is the distance traveled from this point? Simply the integral of the velocity…
t
t
-b
xHtL = Ÿ0 vHtL „ t x(t) = Ÿ0 v0 ‰ m t „ t
This almost looks like the integral on the reference sheet if weren’t for those pesky constants in the exponential. Let
use our chain rule to transform the integral…
Let u = -
b
m
t which means that the differential of u looks like „u = -
b
m
„t
now we can change the variables in the integral indicated above. Substitute in u and „u to get…
t
x(t) = Ÿ0 v0 ‰u I
-m
M „u
b
fl Dx(t) = I
t
-m
M v0 Ÿ0
b
‰u „ u
Now the final integral looks like something from our table. One last trick (this one is useful) since we transformed t
! u we should transform the limits as well so we don't have to transform result back. This saves time at the end. The
final integral looks like:
x(t) = I
-m
M v0 Ÿ0
b
b
m
t
‰u „ u = I
-m
M v0
b
‰u
0
b
m
t
=I
-m
M v0
b
b
K ‰- m t - 1O
This last expression may seem a little unusual at first until you note that the dimensions of m/b has to have units of
m
time and that this value multiplies by v0 is a distance. As t grows very large the limit of travel is simply b v0 . The boat
never gets past this point. The graph of this function takes this form…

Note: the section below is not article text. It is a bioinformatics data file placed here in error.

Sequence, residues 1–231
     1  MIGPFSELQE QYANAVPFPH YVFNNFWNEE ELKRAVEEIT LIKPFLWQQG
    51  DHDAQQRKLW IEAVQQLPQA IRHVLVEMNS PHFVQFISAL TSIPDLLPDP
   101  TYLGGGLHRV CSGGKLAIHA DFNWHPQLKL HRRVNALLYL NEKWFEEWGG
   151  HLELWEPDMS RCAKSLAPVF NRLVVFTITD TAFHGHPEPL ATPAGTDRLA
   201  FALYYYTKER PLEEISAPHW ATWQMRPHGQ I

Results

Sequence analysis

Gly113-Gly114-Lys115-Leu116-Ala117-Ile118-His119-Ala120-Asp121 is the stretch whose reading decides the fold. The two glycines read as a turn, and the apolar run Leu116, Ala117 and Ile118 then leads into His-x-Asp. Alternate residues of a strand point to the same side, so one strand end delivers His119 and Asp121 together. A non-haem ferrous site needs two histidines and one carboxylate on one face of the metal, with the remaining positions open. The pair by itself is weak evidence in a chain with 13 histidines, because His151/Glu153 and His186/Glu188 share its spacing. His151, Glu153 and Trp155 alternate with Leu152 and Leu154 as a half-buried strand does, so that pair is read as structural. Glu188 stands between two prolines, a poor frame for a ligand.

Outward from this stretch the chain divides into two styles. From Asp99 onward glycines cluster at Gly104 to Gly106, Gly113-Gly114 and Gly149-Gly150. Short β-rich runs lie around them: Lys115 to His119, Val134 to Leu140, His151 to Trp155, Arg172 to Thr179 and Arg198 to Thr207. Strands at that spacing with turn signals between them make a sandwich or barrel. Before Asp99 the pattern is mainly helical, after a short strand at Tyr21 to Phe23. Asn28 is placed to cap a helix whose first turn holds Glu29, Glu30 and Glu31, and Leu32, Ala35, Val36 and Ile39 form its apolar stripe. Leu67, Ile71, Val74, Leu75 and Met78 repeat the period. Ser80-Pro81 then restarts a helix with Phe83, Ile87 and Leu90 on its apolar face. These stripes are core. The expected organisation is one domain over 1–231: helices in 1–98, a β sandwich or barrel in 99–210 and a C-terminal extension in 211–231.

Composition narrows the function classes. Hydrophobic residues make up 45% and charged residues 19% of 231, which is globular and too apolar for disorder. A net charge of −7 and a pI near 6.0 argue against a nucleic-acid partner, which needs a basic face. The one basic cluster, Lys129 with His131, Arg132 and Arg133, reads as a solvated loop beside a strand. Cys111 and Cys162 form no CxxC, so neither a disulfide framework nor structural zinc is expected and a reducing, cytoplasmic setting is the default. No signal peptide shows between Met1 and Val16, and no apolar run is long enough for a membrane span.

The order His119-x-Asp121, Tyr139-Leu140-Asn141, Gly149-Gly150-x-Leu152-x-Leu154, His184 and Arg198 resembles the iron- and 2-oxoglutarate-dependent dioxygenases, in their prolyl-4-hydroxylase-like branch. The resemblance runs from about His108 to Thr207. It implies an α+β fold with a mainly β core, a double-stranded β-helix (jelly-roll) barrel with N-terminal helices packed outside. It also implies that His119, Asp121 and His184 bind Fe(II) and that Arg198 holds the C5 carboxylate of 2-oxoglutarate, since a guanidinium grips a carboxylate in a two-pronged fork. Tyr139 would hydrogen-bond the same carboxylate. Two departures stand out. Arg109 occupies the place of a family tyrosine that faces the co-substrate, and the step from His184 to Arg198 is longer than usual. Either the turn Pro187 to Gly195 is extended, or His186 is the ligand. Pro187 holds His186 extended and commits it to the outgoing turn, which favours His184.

If you know the mass of your boat m and the drag coefficient b then you can work out the distance the boat travels as
you change v0 . Cool!
6
DifferentialEquations.nb
&uuml; Dropping things from the Empire State Building (under water)
Dropping a stone through water is similar to the last problem but with a twist. We will assume that the stone is
released so that it starts just under the surface of the water with an initial velocity of zero. The free body diagram
changes a bit and so does the corresponding differential equation.
As before we can set up Newton’s Second Law equations for this system as a differential equation. For our purposes
we will ignore the buoyant force (it simply provides a fixed force that offsets the gravitational force; it is as if we were
on another planet with a weaker g). To keep things simple for now we will leave it out because it is a static force it
won’t affect our dynamic solution.
FG - FD = m g - b v = m
„
„t
v
Notice the difference in the structure of the equation. We start with a 0 velocity which means the differential equation
needs to be re-interpreted. Like before, we start with an attempt to anticipate the shape of the solution by examining